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Seven77

CS Lewis' Space Trilogy Book Discussion

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Seven77

 I found a lot of echoes in That hideous strength that come across in the Lord of the rings. For example, Wither is referred to as a wraith. He is almost ghostlike. The bad guys are almost unreal without any real back story… As if they are not human. Anyway, the character seemed to be like a ring wraith. I heard it as an audiobook and the narrator did an excellent job with the characters. Also, NICE works for a cold, technocratic society bent on destroying nature, including human nature itself. It is clear that they are under the influence of the "ruler of this world." There's a lot at stake… So I was also a bit disappointed in the resolution… It was pretty cool but I was expecting something more epic scale… It was so predictable as to who would be getting the real Merlin. Also, Ransom was hardly a main character in the final book. But I did see how he learned about life… He had never given much thought about the supernatural until he learned about it from his visits to Mars and Venus. I also thought it was a very interesting treatment of an  unfallen Adam and Eve and the nature of temptation. About Mark… I kept thinking that when is this dude finally going to realize who he is working for? By the end of the book, I think that Mark and Jane will be strengthened in their marriage bond. The book was kind of open ended. Anyway, these are bunch of my disjointed thoughts.

These creatures on other planets don't bother about space travel because they really don't see the need for it,  while on the other hand, the bent humans sought to plunder and exploit their resources and subjugate them. So it really made me think… Is space travel a product of the fall?

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Anomaly

Space is literally the realm of Heaven.   Fallen creatures are not wanted.  Creatures are not wanted which is why the heavens were occluded in Perelandara. 

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Lilllabettt
On 9/16/2019 at 4:28 PM, Seven77 said:

 I found a lot of echoes in That hideous strength that come across in the Lord of the rings. For example, Wither is referred to as a wraith. He is almost ghostlike. The bad guys are almost unreal without any real back story… As if they are not human. Anyway, the character seemed to be like a ring wraith. I heard it as an audiobook and the narrator did an excellent job with the characters. Also, NICE works for a cold, technocratic society bent on destroying nature, including human nature itself. It is clear that they are under the influence of the "ruler of this world." There's a lot at stake… So I was also a bit disappointed in the resolution… It was pretty cool but I was expecting something more epic scale… It was so predictable as to who would be getting the real Merlin. Also, Ransom was hardly a main character in the final book. But I did see how he learned about life… He had never given much thought about the supernatural until he learned about it from his visits to Mars and Venus. I also thought it was a very interesting treatment of an  unfallen Adam and Eve and the nature of temptation. About Mark… I kept thinking that when is this dude finally going to realize who he is working for? By the end of the book, I think that Mark and Jane will be strengthened in their marriage bond. The book was kind of open ended. Anyway, these are bunch of my disjointed thoughts.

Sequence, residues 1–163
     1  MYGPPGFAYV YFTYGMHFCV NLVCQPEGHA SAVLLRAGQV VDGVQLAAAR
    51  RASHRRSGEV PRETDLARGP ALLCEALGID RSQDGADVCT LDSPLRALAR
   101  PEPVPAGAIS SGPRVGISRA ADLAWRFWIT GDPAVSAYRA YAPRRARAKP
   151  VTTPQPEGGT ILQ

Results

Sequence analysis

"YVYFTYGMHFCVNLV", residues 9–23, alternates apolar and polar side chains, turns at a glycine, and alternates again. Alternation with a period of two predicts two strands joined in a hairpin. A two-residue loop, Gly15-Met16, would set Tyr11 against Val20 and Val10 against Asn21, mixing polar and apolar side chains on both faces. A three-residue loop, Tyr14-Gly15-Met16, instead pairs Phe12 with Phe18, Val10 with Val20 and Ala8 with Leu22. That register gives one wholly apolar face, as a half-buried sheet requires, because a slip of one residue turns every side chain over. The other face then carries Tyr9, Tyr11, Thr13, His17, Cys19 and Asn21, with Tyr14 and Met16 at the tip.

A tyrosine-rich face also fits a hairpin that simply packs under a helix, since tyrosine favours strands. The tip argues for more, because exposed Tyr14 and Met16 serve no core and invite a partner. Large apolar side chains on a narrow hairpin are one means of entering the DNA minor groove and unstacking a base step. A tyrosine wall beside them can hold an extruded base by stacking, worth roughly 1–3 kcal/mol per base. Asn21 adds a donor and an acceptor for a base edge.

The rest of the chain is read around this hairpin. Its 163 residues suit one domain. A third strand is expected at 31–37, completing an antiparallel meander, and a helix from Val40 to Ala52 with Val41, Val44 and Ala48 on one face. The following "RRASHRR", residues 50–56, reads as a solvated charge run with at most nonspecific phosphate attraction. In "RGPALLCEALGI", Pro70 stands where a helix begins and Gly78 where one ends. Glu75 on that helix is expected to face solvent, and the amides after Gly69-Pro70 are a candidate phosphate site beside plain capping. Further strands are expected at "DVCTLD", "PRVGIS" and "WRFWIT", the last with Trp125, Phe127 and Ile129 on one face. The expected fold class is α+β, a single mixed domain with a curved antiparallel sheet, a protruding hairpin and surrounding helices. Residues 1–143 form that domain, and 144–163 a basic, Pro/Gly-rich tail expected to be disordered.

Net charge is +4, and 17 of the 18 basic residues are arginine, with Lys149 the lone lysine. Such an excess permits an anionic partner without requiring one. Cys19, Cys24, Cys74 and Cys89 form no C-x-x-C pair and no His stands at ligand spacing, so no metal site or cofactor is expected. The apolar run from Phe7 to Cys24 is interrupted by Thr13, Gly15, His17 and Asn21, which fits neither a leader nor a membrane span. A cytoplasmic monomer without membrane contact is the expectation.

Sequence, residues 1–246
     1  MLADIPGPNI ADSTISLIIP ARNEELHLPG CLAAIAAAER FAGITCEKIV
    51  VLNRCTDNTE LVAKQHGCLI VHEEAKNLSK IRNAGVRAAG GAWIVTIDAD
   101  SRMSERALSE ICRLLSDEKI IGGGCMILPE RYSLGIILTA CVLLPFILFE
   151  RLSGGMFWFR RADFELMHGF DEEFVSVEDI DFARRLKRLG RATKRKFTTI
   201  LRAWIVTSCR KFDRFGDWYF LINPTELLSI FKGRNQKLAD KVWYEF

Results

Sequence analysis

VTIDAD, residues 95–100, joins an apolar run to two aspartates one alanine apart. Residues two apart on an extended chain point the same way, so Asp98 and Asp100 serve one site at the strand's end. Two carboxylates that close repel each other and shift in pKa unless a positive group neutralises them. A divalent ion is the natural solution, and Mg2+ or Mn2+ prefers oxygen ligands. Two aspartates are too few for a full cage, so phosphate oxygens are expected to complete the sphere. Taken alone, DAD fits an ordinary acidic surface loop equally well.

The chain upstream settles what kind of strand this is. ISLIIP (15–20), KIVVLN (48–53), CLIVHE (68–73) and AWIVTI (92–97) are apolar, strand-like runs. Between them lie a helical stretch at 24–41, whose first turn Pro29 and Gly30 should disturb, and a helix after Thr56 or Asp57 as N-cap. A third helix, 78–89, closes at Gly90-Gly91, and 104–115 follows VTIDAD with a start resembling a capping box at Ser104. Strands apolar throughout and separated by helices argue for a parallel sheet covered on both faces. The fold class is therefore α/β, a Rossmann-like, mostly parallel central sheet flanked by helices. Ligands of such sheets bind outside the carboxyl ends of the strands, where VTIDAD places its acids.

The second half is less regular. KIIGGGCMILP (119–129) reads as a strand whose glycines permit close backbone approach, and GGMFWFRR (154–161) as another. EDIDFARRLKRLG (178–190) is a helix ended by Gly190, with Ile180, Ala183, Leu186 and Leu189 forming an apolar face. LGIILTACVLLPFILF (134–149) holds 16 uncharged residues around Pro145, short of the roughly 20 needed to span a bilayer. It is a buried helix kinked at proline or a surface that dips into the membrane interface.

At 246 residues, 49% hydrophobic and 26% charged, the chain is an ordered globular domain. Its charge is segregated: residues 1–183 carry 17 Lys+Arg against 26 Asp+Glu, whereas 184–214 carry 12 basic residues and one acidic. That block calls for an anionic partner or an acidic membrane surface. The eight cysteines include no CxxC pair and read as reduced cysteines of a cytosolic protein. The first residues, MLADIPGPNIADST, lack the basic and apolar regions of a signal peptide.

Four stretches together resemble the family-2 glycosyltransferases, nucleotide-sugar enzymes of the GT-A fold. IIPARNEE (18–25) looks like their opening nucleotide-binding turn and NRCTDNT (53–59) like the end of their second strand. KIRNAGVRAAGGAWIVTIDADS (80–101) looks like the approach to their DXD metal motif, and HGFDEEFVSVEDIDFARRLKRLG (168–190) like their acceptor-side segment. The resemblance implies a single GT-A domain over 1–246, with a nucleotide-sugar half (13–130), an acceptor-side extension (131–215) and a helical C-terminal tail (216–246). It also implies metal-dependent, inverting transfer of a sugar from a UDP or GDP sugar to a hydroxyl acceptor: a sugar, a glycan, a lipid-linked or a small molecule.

These creatures on other planets don't bother about space travel because they really don't see the need for it,  while on the other hand, the bent humans sought to plunder and exploit their resources and subjugate them. So it really made me think… Is space travel a product of the fall?

 

16 hours ago, Anomaly said:

Space is literally the realm of Heaven.   Fallen creatures are not wanted.  Creatures are not wanted which is why the heavens were occluded in Perelandara. 

I'm glad someone else noticed this....this is why I thought CS Lewis was negative on space travel. It was kind of shocking to me as I always saw him as endorsing a capacity for wonder as a divine attribute... maybe I have him mixed up with Chesterton. 

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Anomaly

Honestly, I don’t think he put any reality into being negative about space travel.   It was only an allegorical construction.  Do you really think humans would be basking in the wonder of heaven once we are outside the ionosphere?

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Lilllabettt
3 hours ago, Anomaly said:

Honestly, I don’t think he put any reality into being negative about space travel.   It was only an allegorical construction.  Do you really think humans would be basking in the wonder of heaven once we are outside the ionosphere?

Idk... I mean... back when Lewis wrote they didn't know. No one had ever been to space. Pretty much everything was based on educated conjectures.

 

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